Early in the year, or maybe it was around the New Year build-up before this year, I saw a meme pointing out that 2021 is pronounced "twenty-twenty won." Also that 2022 is pronounced "twenty-twenty, too."
To be sure, since it started the current "all," 2020 was a hard year. The introduction of the pandemic. The ostracization of many to our homes. The isolation and closures and cancellations. And, of course, the deadly virus and disease that follows it.
Checking the stats just now, according to the COVID dashboard, more than 287 million people have been reported infected, and just shy of 5.5 million have died of reported COVID. Reported, of course, cannot be overlooked, as there are surely more people who shrugged off the illness, at least not getting tested, or not having their test results reach those that count. As I have speculated throughout, and is echoed in articles about these values, that the real number is likely much higher. And I don't mean to suggest malice, although I'm sure there's someone somewhere suppressing numbers for some reason. Just that not every asymptomatic infection has been tested. Nor every staying-home-with-the sniffles case.
When we first learned of this virus and disease, we were optimistic in our ability to conquer it. Maybe a little pessimistic in its impact.
Quick napkin math, estimating about 8 billion people on the planet, and 287 million confirmed cases, that's about 4% of the population. And of those 287 million, the 5.4 million who died is about 2% of the infected. Or about 7 in 10,000 people have died because of this. It doesn't sound so bad if you dribble it down like that, does it?
This pales in comparison to cancer, which the WHO estimated kills about 10 million people a year worldwide. But it crushes the flu, which the WHO estimated kills up to 650,000 people a year; or about 10% of what COVID has done. All the cancers still kill more people, and we still hate cancer--it is the #1 killer of people I've known, too. But COVID kills way more than the flu, to which it is often compared. Still a beast.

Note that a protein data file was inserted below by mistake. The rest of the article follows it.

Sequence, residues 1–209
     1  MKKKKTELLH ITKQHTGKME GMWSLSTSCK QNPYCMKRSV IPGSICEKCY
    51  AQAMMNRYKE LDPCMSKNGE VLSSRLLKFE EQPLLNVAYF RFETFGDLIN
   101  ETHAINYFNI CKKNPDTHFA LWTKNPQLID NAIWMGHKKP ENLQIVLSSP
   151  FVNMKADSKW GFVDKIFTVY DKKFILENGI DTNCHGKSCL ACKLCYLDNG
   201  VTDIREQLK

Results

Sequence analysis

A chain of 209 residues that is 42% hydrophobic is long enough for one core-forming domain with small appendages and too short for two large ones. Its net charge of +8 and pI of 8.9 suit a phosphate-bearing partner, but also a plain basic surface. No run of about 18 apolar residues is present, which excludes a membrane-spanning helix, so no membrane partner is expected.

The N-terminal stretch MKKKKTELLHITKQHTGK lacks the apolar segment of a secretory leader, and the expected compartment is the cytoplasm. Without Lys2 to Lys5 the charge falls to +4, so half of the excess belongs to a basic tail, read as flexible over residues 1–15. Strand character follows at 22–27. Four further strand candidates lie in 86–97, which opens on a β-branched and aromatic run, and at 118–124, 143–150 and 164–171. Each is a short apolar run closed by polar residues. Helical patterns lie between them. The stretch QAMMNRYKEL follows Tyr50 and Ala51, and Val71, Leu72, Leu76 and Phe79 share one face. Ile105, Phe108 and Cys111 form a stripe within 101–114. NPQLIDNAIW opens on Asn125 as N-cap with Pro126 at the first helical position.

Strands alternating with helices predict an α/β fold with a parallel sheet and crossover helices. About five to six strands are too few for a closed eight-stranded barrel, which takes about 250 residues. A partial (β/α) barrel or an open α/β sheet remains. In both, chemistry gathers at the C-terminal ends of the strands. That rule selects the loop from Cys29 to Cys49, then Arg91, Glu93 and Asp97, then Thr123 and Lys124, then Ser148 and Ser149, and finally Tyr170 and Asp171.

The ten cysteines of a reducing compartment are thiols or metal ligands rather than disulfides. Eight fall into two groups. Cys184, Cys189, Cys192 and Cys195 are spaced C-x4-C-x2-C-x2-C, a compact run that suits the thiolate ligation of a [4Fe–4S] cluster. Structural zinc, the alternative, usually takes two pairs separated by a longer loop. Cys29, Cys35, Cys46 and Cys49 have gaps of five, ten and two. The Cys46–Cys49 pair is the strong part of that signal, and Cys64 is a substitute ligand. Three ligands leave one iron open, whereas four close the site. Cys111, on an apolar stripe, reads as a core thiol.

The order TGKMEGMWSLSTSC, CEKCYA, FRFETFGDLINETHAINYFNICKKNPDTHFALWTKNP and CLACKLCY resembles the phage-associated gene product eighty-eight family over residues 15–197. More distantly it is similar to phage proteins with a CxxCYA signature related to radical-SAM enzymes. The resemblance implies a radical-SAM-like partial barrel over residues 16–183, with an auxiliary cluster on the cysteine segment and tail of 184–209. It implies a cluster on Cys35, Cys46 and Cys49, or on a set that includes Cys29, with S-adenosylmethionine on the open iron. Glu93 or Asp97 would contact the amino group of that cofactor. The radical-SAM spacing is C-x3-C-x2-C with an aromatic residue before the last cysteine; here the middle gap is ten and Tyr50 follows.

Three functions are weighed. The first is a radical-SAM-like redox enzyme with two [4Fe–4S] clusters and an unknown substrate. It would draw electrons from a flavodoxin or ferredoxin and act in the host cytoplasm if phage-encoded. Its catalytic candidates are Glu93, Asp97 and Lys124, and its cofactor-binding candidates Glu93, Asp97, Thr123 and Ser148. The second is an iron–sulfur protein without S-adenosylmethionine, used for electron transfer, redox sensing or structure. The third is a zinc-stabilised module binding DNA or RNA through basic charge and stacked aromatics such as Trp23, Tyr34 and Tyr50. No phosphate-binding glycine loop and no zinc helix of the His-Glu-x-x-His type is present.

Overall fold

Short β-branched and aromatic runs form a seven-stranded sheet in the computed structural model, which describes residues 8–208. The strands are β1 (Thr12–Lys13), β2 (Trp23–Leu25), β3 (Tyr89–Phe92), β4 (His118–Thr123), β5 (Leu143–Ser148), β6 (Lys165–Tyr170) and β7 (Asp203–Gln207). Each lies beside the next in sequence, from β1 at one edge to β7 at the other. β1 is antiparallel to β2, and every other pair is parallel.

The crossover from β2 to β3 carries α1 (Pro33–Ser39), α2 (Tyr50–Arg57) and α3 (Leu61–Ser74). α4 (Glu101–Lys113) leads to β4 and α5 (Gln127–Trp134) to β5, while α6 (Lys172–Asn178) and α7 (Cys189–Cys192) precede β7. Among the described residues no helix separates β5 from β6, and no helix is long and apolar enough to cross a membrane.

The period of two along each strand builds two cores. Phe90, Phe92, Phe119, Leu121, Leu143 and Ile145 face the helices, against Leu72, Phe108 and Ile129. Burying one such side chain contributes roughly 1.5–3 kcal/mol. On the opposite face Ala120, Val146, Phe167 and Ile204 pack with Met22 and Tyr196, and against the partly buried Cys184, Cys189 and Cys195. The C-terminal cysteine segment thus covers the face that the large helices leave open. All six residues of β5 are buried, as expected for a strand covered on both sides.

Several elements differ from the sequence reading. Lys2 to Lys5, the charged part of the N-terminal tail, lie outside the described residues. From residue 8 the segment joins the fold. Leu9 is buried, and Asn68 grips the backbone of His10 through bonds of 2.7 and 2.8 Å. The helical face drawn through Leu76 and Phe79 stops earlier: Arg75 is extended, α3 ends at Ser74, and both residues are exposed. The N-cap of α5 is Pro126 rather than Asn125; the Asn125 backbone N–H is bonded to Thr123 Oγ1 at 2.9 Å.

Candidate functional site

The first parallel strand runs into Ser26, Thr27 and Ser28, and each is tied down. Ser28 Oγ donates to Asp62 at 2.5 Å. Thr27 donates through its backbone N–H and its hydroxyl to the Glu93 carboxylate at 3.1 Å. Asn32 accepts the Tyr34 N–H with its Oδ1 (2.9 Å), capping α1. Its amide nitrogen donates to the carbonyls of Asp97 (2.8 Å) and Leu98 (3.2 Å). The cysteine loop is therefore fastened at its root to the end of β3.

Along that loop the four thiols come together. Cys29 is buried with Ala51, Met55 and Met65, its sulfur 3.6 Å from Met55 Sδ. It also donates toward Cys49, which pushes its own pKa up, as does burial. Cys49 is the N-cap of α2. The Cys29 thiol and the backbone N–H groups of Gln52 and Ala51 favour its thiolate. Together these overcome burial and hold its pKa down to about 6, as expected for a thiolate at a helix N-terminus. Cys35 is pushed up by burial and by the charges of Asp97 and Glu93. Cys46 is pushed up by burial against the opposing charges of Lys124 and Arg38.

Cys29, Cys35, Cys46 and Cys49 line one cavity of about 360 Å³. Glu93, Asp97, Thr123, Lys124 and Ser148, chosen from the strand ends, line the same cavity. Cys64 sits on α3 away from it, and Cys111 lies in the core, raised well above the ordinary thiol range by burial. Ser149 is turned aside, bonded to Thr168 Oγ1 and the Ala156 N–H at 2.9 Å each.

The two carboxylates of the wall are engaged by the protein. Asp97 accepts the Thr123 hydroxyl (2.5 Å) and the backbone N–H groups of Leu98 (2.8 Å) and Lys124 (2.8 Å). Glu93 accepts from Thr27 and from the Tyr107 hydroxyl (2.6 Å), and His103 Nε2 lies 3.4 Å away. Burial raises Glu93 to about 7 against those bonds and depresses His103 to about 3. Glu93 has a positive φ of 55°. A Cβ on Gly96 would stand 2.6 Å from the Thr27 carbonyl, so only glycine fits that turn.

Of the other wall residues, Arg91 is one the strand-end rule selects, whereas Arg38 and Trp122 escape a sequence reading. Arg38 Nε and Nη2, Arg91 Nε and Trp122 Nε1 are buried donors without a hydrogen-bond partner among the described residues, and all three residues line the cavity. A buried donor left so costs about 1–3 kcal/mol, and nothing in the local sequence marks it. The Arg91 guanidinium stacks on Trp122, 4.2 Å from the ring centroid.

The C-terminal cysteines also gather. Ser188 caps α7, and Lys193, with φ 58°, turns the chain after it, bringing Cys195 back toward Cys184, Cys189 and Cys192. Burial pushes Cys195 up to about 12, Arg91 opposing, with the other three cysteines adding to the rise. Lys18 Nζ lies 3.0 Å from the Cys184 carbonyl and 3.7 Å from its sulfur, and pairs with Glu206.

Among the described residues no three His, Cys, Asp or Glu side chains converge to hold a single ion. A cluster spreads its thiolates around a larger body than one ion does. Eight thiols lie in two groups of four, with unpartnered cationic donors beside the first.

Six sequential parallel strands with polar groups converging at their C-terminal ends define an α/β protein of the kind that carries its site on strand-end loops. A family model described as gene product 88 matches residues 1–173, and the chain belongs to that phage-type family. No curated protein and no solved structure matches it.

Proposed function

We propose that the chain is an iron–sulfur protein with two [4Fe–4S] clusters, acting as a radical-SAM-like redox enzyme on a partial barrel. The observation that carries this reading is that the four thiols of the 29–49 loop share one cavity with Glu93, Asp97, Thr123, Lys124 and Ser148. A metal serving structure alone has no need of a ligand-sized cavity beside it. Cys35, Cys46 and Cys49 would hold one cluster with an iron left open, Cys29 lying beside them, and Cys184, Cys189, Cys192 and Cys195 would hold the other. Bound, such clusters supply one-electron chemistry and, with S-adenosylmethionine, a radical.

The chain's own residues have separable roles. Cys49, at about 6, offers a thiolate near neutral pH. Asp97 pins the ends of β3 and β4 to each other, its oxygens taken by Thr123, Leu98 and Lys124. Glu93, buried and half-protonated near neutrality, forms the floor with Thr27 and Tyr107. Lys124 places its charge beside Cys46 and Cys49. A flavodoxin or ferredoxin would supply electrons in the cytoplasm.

I think the hardest parts are when people need the most medical attention. I mean, many of those cancer patients do, too, but we've built a system knowing that load (and cynically, in some cases profiting from it). I think, now that we've got an understanding of what it takes, the system can adjust to continue with the COVID load. I'm not on the inside, and I see the news where they do include counts of empty ICU beds in the reports, but it seems like now that we know, we can get the equipment, prioritize the space, and prepare to carry on.
Yes, I know there's some heartless calculus in there, and there's no factoring of the people involved. I don't mean to be that brash. It isn't the case that you can catch cancer by treating cancer patients, so there's a huge difference there, too. I hope that the stories of turning people away because the ventilators are all used, and the ICU beds are all full, are fewer and further between. I hope that the long-awaited herd immunity starts to at least feel like it's setting in. It's said that the impact of getting COVID if you're vaccinated is much less than if you're not, just like the flu. Likely why comparatively few people die from the flu--because so many have the flu vaccines. I'm sure caring for those hospitalized flu patients is similar to caring for COVID patients, because you could catch the flu caring for them, right? But we've learned to do that right. I think the move forward will be to do this right, too. And, I really hope we do it right by caring for those caring for the ill.